After nine years and two consecutive terms as Grand Chief of the Grand Council of the Crees, Ted Moses is turning the page to another chapter in life and his career.
Under what title or working with whom? No one yet knows, but it’s clear that Moses has an enviable CV to show any potential employer – or voter in a future election, for that matter.
Educated at Ryerson and McGill University, Moses went from Band Manager in Eastmain at a young age to Chief. He then played a key role in the 1973 legal proceedings concerning hydro development in James Bay, which eventually led to the decision of Justice Malouf in favour of the James Bay Crees.
He subsequently was the Chief Cree Negotiator of the JBNQA in 1974 and 1975. He also took part in the negotiations leading to the 1984 Cree-Naskapi (of Quebec) Act, Canada’s first local self-government legislation. He was the first Director-General of the Cree School Board.
Moses was also highly regarded on the international stage. He helped win consultative status for the Grand Council from the United Nations in 1987. In 1989, he was elected as the Rapporteur of the United Nations meeting on the Effects of Racism and Racial Discrimination on the Social and Economic Relations between Indigenous Peoples and States.
“I saw him as a true leader,” said Grand Council Executive Director Bill Namagoose. “Fearless, with a strong belief in his abilities, he knew who he was, what he wanted, where he was and what he was doing there.”
Namagoose said he learned a lot from Moses over the past six years. “I was always confident that the Cree Nation was in good hands,” he said. “I never got any sense that the Crees were heading in the wrong direction. He’s accomplished a lot in the last six years; it takes some leaders 30, 40 years to accomplish what he has with Quebec.”
But Namagoose says the former Grand Chief’s many critics didn’t appreciate what was at stake in the negotiations over the Paix des Braves, which lead to the hydro development of the Rupert and Eastmain Rivers, as well as a $70 million a year in payments for a half century.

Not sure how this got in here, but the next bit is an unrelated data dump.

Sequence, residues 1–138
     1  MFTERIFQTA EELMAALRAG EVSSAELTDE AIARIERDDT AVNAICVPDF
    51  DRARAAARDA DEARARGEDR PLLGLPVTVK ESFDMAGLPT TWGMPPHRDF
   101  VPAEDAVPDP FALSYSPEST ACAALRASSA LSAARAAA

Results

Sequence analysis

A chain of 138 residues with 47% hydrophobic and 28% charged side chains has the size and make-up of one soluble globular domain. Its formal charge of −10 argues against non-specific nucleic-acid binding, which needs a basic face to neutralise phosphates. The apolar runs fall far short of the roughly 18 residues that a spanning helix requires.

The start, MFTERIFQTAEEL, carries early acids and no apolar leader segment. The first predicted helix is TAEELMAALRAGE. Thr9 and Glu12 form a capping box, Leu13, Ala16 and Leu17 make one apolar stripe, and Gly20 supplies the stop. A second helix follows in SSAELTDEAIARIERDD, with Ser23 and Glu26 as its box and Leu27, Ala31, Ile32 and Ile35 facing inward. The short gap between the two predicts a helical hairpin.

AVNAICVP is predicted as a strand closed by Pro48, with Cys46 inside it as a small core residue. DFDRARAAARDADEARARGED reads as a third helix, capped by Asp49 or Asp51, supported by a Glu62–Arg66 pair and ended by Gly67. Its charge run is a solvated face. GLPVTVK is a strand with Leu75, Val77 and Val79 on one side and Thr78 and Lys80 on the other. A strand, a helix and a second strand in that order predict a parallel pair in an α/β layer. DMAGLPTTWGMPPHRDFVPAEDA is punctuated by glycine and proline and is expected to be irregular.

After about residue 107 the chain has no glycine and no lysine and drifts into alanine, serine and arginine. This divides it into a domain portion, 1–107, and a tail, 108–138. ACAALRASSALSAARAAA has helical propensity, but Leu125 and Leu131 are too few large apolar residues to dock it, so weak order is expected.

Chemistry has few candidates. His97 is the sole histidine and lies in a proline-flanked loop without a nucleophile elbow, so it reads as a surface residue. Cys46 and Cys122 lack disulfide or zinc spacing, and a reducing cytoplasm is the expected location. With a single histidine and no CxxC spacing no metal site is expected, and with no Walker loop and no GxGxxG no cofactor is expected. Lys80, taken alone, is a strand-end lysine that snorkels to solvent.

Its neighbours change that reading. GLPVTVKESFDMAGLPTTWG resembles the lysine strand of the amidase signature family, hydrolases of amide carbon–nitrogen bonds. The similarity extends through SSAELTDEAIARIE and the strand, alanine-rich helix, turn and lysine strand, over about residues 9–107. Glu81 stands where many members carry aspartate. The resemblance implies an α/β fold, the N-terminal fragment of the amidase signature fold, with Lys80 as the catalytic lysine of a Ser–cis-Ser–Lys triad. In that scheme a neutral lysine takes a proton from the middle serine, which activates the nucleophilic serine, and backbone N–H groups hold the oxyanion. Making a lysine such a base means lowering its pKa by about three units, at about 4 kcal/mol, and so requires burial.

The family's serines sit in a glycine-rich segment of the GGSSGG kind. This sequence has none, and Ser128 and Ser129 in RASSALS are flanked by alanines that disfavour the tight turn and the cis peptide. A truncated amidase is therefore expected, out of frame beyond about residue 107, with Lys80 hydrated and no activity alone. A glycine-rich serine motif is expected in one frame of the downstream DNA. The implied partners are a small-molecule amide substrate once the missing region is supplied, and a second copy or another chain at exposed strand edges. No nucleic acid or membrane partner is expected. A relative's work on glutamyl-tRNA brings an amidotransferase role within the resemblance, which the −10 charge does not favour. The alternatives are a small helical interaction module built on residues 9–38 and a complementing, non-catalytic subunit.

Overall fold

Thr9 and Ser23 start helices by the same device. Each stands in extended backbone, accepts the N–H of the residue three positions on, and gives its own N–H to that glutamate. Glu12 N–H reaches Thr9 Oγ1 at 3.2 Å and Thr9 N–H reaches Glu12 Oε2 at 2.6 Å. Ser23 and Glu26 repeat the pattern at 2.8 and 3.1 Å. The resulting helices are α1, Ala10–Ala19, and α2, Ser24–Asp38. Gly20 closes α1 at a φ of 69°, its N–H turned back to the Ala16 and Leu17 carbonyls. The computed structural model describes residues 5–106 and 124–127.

“Sometimes we’re victims of our own success,” Namagoose explained. “We’ve empowered the Cree Nation to a point where they feel they have a right to save yes or no to certain advances by governments. That’s a very good sense of empowerment.”
Namagoose credits Moses in the way he’s dealt with Quebec and Ottawa. “With the Paix des Braves he removed some obstacles. He dealt with the extinguishment policy of Canada. Not only has he dealt with it in the international community, but he also managed to deal with it in a practical way in Quebec, whereby the Crees will now enjoy a share of their natural resources within their traditional territory.”
As for Grand Council negotiator Abel Bosum, Ted Moses is no less than “one of the great Cree leaders of our time.”
Bosum said Moses’ approach is that of a diplomat. “He had a different style than previous leaders who were all good, too, like Billy [Diamond] and Matthew [Coon Come],” said Bosum. “There were times when we were at war with Quebec and Canada and we needed real strong fighters. With Ted, I think his experience as an ambassador working at an international level, he developed a different style.
“With Ted, he didn’t only see the governments as institutions,” Bosum continued. “He found a way to make connections with people like [former Quebec Premier] Bernard Landry and through that create the dialogue and the relationship that helped establish a table and a process where the two nations could sit down and hammer out what their interests were.”
With his many years of familiarity and knowledge in the Cree political world, others wonder whether Moses might be ready to go national. Many people (on the Moses campaign website, at least) are now calling for Moses to run for National Chief of the Assembly of First Nations.
In a interview before the election, Moses was not worried where he would end up if he lost. “With my experience, I’m not too worried if I don’t win,” he said. “I can go back to my trapline, or I could find another job with other organizations because of my experience in negotiations.”
Moses was contacted by phone for this article but chose not to comment.